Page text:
The one redeeming ‘next generation’ feature is a live challenge mode, where you can play against other students from around the world. On starting, you are assigned three other competitors, and a countdown clock starts, as mental maths questions appear on screen: the aim being to answer more than your competitors in the time available. This certainly attracted both of us, but within seconds frustration was back, as all three of the competitors stormed ahead (easily beating our combined efforts): there is no obvious option to filter competitors to different age ranges or skill levels to provide a challenge, rather than an impossible task.

All in all, Mathletics is a poor example of gamification – applying apparently ‘motivating’ aspects of games and playful activities (in this case, the use of customisable avatars and competitive aspects with avatar-rewards) to what is essentially a very traditional try-and-repeat approach to teaching. The gaming aspects add nothing to the experience other than temporarily diverting (and non-learning) activities around the edges.

No Risk Strategy

Over the Christmas break I’ve been catching up with some of the games news from the latter end of 2011 – and Risk Legacy caught my eye, as it did when I first heard about the idea. Finally release just before Christmas in the US, this new version of Risk changes the nature of boardgames in a rather exciting way. Up until now, every time you open a boardgame the scene is set to zero: the board and pieces begin at the start just as they did in the previous game (unless you have small children who ‘modify’ the contents in their own unique way). But the designers of Risk Legacy played on the idea that – in reality – battles, feuds and alliances will be remembered by regular players each time a new game is played, and might therefore influence gameplay in a continuum, rather than a constant restart (there’s an interesting interview with the game’s designers in The Escapist).

Do not open envelopeThe new version of Risk therefore comes with stickers, special rules, secret pockets and other tricks which make permanent changes to the game. If you make  a choice between two cards, for example, the other card is destroyed. Literally (from the rulebook: “If a card is DESTROYED, it is removed from the game permanently. Rip it up. Throw it in the trash.”). Other changes affect the board or the rules permanently – and they come into play when certain conditions are met, such as ‘open the first time a faction is eliminated from the game’. Plus, deliciously intriguingly, one envelope secured to the box base labelled ‘Do not open. Ever’.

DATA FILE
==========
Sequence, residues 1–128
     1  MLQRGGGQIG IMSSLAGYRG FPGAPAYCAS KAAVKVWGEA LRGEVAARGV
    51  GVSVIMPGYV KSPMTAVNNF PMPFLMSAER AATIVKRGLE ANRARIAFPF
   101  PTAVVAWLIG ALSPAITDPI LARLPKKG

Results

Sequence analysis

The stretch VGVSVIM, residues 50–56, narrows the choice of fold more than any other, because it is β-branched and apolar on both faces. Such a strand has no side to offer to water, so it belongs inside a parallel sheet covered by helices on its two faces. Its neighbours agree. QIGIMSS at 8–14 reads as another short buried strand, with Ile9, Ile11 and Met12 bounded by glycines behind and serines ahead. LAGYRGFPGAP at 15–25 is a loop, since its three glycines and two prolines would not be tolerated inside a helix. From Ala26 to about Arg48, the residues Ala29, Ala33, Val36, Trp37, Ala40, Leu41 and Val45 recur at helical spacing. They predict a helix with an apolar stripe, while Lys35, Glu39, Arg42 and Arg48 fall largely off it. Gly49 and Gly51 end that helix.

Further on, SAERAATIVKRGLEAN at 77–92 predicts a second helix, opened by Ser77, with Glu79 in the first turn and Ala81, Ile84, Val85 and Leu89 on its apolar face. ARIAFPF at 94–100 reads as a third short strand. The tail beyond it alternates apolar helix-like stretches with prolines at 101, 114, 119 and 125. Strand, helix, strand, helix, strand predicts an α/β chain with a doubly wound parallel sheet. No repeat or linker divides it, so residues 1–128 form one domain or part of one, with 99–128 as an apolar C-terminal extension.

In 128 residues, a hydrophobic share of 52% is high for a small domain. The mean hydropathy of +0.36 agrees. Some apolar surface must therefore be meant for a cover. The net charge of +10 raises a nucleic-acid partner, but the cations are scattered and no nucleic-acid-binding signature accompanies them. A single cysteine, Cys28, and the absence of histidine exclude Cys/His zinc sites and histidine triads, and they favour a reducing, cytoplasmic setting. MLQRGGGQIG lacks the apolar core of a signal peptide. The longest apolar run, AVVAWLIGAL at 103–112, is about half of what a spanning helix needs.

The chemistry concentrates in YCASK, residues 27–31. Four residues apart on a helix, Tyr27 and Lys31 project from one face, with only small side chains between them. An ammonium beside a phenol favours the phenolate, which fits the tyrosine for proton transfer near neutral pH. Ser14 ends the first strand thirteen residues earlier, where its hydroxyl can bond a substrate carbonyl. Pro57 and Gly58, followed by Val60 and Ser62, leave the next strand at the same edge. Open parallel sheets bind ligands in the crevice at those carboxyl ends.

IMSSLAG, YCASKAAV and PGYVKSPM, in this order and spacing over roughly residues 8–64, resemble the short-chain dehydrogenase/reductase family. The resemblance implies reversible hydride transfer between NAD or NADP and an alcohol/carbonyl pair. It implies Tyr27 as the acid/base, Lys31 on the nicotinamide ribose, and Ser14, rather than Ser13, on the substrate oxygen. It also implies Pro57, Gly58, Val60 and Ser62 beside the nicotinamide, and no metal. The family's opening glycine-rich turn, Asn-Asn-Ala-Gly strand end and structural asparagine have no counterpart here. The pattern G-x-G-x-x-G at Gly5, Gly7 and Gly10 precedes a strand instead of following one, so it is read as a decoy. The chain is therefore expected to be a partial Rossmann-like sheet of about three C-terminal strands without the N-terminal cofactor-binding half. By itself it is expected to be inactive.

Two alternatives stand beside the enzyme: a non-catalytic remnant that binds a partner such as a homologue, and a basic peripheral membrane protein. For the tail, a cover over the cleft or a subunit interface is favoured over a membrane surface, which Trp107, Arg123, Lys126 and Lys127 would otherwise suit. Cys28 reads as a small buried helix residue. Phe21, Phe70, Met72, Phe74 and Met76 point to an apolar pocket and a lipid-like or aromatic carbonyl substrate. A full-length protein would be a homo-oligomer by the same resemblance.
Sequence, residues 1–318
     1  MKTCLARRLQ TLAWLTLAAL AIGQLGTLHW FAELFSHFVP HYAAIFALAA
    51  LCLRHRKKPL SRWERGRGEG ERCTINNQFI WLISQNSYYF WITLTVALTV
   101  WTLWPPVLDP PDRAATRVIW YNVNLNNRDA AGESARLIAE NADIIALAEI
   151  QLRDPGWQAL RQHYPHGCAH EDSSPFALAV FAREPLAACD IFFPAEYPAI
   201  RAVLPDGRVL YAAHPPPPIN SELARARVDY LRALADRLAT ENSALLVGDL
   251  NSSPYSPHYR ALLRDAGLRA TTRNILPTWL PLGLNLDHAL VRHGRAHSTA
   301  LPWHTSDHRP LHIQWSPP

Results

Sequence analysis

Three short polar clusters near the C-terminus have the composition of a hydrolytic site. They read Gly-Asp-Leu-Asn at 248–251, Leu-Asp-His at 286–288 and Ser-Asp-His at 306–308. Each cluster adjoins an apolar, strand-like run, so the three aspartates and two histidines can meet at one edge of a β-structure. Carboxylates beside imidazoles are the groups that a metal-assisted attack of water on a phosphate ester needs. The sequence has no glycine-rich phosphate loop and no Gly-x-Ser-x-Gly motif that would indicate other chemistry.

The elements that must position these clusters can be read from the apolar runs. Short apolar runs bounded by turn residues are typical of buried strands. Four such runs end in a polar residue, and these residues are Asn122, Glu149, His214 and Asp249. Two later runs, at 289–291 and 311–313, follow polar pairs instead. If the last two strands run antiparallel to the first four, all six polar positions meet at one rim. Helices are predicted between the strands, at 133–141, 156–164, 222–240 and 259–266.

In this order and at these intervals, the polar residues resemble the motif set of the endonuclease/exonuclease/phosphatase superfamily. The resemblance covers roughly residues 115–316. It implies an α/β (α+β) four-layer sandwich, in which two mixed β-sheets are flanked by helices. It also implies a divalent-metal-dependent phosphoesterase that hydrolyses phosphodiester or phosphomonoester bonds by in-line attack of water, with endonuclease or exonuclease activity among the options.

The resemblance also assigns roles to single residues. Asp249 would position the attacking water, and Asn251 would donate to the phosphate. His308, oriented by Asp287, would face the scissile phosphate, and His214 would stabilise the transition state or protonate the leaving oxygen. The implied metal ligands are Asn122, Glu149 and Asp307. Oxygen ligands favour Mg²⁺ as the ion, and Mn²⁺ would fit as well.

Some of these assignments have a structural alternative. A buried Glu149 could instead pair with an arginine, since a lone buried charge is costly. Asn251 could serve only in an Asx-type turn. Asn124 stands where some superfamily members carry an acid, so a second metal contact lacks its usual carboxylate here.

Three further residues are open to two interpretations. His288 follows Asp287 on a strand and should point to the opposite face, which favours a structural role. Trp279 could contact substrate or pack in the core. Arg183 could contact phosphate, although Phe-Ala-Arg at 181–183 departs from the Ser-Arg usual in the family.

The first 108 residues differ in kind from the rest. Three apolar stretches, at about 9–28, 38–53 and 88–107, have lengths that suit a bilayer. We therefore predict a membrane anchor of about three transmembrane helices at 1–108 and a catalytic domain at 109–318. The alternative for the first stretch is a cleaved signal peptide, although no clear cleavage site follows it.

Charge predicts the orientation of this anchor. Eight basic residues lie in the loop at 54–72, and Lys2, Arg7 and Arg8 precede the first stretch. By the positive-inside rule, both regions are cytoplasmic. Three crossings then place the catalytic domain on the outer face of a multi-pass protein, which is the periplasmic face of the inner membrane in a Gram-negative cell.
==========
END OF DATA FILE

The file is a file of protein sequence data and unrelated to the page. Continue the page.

Winners in the game get to create special conditions in the following game (such as founding a new major city) whilst losers also carry certain conditions into their next game too. All of this means that the game becomes a campaign, rather than a  one-off scenario, where player actions affect not only the current game, but will have repercussions for future games too.

This innovative approach is not for everyone, of course – many players (particularly beginners) like boardgames precisely because they can write off a poor loss by starting a new game afresh, each game providing a fixed structure for developing a beginner’s gameplay: an essential time-honoured learning curve.  And some who like the aesthetics of board games will be appalled at the idea of destroying or defacing cards or boards – designer Lewis Pulsipher has attacked this aspect of Risk Legacy. It is also pretty obvious that you need regular players to get the most out of Risk Legacy – a game-loving family, or games group. But all this aside, the idea and possibilities are fascinating both for future boardgames, and for education.

The traditional method of learning a boardgame, outlined above, carries a number of similarities with the way we tend to teach courses in higher education: we tend to explain complex subject concepts in the same way each year to new students, and (particularly in practical subjects) rely on the students to practice those concepts with real-world examples or conditions: multiple case-studies or assignments giving students a new chance in each case to develop and consolidate their understanding. The problems with this approach tend to be at the start, when students with a range of background experience are taught key concepts in the same way and at the same level; differential understanding then leads through to poorer or greater application of the knowledge in later exercises or assignments.